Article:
The most important thing you can do is to work for a company who will help you learn and progress as you go, rather than being stuck somewhere where you do the same things every day.
Even though I've only been at Code for 2 months now, I've almost completed a HCD (human-centred design) online course with a few others from the design team.
We get together on Friday afternoons for a few hours, and work together on completing each module of the course. So far, I have conducted user interviews (for the first time), come up with 'how might we's?', spent a lot of time brainstorming and focussing on the end user's needs, and finally storyboarding some solutions.
I first started coding with music visualisers way back in the wild-west internet-years in the early 2000's.
At first, it was just experimenting with a drag-and-drop interface to add effects and objects, then I discovered that there were little code editors for the components and if I played around with them I could make completely new things happen.
The discovery that I could create things using these compact little instructions was like magic.
Eighteen years or so later and things have changed a lot - the toolchains, projects, impact and responsibility are all vastly different, but the basic magic of writing compact little instructions to build things is still the core of the excitement for me.
I've mostly spent my first three months working on a new software platform for one of our partners. It was really tricky co-ordinating the relationship with the engineering team at Code and the external partner team but ultimately we've found a way to make it work.
Everyone's proud of the work we've managed to do on it, and aside from some minor running-around-with-my-hair-on-fire, it's been really satisfying to watch the project come together.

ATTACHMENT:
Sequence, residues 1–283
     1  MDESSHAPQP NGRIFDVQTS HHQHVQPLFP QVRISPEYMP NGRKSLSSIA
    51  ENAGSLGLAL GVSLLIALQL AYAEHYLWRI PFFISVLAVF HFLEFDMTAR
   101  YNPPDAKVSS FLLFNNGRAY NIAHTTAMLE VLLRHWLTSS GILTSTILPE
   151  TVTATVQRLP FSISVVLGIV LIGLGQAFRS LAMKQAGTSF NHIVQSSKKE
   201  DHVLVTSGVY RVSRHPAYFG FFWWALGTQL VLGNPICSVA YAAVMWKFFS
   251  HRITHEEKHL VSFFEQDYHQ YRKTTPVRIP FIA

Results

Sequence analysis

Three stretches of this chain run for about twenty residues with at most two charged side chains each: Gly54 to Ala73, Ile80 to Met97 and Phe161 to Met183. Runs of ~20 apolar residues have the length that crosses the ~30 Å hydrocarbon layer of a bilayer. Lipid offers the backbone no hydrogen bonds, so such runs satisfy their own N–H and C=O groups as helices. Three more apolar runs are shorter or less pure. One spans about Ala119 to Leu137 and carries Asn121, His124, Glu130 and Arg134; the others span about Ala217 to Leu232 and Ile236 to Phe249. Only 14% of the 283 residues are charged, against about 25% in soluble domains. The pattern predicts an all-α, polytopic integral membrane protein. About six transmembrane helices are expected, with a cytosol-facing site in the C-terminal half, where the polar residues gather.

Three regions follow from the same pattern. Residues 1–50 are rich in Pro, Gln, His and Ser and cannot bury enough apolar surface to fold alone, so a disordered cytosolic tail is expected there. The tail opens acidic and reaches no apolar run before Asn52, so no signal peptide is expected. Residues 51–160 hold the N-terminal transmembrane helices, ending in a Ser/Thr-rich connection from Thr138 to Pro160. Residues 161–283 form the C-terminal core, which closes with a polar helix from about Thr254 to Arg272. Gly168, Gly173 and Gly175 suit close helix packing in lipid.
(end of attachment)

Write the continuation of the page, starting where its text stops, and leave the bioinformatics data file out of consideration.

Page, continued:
Just now we've managed to reach MVP stage and have secured approval from the partner to build the next phase of development to a saleable product.
The make-change time really makes sense to me as an investment; we all do our best growth and creative work when we have the freedom to experiment. To set time aside for that as a company speaks to the commitment of Code towards improvement.
Right now I'm focused on digging deeply into accessibility and UX work, to better understand how different people use the things we build and how to effectively connect people with technology in an inclusive way. This means a lot of deep digging into the fundamentals of the front-end discipline, building better components from the ground-up and fostering empathy with a wider variety of people.
If not that I might work on one of my side projects that have a focus on psychology and personal wellbeing - like this quiz to help you understand your personal values better. I'm also currently working on a highly customisable in-depth mood and habit tracking app.
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Want to help us build brilliant digital products? We've got a variety of career opportunities across engineering, design and analytics at the moment. Have a look what's available here.